Weng’an Mountain Outdoor Adventure Race 2019

June 21, 2019
Dougal Allan

As winners of the 2018 Weng’an Mountain Outdoor Race we returned this year with the goal to repeat our success. The only change to our team was the departure of Adventure Racing legend Marcel Hagener which left an opening for Sam Manson to join Sam Clark, Simone Maier and me in the team. We knew Manson had the complete skillset, experience of racing in China and fitness to contribute, but his performance was even more impressive than anticipated and we are thrilled to consider him a huge asset for our future races.

Weng’an is a three day stage-race involving the usual mix of running, mountain biking and kayaking, along with navigation, abseiling and caving with winning stage times ranging from approximately 5-8 hours. The weather was mostly wet and treacherous but finished on the final day with 30+ degrees and a hot sun! It certainly made decision making important and our team’s eventual success seemed to come via equal parts conservative, cautious approaches alongside aggressive, race-winning moves where opportunities arose. That said, we all had a spill on the bike and took a few tumbles running too, so it wasn’t all sunshine and rainbows. But we managed to keep ourselves safe and eventually we got the job done by winning all three days and the overall race by over 20 minutes after nearly 17 hours of racing.

Other than the sensible decision making and united commitment to pushing ourselves really hard, the other key to our success would likely be our considered approach to nutrition and recovery. China isn’t the best place to eat and recover like an elite endurance athlete, so sometimes some improvisation can be the difference. We were fortunate to have support from Radix Nutrition which are high quality NZ-made dehydrated meals designed for performance, well-being and recovery. We’d start and finish each day with these meals and flush them down with Lifestream Spirulina Performance and Vital Organic Greens to keep our bodies functioning at the highest level despite being surrounded by unfamiliar local foods. We even travelled to China with Oofos sandals which are designed specifically for physical recovery and rapidly force your feet to forgive the punishment you inflict on them across many hours of fast-paced racing. Sometimes it is the ‘one-percenters’ that can make all the difference.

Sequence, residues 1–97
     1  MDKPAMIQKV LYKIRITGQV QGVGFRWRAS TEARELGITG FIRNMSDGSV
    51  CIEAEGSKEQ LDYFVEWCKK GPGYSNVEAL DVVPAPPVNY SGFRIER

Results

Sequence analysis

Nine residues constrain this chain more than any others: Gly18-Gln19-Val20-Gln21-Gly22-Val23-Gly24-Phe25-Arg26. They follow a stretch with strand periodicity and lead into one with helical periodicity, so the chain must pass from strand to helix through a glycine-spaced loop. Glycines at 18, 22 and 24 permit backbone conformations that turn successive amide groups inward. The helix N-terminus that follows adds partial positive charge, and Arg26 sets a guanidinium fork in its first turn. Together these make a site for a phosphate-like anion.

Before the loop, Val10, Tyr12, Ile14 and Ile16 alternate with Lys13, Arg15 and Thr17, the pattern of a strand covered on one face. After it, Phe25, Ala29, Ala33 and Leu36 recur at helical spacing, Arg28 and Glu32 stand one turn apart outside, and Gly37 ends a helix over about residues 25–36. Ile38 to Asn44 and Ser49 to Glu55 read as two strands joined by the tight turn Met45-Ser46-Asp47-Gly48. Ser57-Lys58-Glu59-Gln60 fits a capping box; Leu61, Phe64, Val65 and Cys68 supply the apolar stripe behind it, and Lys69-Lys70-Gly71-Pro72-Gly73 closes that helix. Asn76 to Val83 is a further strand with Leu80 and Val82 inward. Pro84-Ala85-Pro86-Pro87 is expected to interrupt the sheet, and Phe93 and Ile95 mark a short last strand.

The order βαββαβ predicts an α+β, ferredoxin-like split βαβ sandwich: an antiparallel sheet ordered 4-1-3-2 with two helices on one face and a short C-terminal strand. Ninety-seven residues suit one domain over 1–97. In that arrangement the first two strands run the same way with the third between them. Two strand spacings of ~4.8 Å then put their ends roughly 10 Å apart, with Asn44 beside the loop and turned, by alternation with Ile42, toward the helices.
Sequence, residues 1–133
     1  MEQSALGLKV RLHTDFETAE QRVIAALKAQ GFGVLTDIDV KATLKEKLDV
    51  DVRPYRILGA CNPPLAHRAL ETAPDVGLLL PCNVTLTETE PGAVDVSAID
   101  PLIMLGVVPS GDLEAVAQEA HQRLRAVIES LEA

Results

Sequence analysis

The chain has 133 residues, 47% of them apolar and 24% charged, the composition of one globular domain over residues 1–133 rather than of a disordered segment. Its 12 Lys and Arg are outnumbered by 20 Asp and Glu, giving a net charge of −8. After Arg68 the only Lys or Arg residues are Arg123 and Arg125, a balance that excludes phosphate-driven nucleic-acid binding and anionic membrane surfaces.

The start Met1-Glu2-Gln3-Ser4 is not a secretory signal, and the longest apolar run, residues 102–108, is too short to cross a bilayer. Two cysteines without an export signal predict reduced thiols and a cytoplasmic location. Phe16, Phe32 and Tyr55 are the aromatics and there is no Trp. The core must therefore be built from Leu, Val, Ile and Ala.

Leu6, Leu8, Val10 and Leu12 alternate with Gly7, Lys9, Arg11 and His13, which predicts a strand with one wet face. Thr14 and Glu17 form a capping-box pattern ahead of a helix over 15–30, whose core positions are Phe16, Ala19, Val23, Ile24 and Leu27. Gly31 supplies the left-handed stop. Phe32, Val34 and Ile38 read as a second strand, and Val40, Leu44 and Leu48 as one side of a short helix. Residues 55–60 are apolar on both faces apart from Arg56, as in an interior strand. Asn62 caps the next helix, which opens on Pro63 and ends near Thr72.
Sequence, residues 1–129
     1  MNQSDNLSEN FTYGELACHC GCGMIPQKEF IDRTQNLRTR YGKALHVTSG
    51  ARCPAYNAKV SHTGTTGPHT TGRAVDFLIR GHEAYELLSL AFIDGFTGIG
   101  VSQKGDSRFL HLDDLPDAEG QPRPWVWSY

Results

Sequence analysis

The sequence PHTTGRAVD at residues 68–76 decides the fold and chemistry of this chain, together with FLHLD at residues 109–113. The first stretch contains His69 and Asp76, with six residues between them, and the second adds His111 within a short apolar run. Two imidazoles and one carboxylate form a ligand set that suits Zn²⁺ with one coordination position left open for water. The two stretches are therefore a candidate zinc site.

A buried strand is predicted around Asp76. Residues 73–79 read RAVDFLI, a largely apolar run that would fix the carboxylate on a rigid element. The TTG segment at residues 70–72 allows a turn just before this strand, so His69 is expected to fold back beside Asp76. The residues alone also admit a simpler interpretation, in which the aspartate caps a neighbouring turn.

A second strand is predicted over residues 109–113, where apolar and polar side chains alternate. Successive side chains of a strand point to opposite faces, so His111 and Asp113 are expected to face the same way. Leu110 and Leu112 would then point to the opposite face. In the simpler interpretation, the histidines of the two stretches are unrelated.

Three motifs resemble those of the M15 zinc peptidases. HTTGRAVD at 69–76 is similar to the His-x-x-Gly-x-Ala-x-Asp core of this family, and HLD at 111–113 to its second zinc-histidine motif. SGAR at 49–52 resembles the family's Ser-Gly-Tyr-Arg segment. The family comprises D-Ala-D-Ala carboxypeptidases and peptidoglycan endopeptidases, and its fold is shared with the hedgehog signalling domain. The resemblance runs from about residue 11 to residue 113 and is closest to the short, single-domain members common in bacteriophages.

Day one was mostly biking and mostly on the sub-tropical equivalent to black ice: wet, green moss-covered roads. It was super slippery. At one stage we spotted a small gap on our main rivals Team Raw Adventure and within the blink of an eye we were in TTT mode and riding away into the lead. We knew we had the horsepower on the bike, but we had to make a move when it was safe and achievable to do so. Tucking down onto our Ride Farr AERO MTB bars helped us slipstream away and once again affirmed our smart team decisions around equipment-choice before the race. We are lucky to have support from such clever and effective brands.

The caving, abseiling, kayaking and running stages that followed were a case of controlling our own race from the front and balancing the urge to extend our advantage with the awareness of the extra risks presented by the wet and slippery surfaces. Eventually we made it to the finish with about an 8 minute lead over Raw Adventure and a nice little confidence boost with two days to go.

We have many years of collective experience in China now and one thing we were acutely aware of was the fact that things can change very quickly in these races. With day two expected to take the winners around 8 hours, we had plenty of variables to negotiate and we weren’t going to take anything (not even an 8 minute lead) for granted. The meat of the stage was a 5 hour kayak which we knew we’d be strong at. But we also knew how hard it can be to shake other teams in these kayaks given the massive advantage you get from ‘wash-riding’ behind another team’s boat. We had to get a gap on the first 45min run and 2km kayak carry to the water.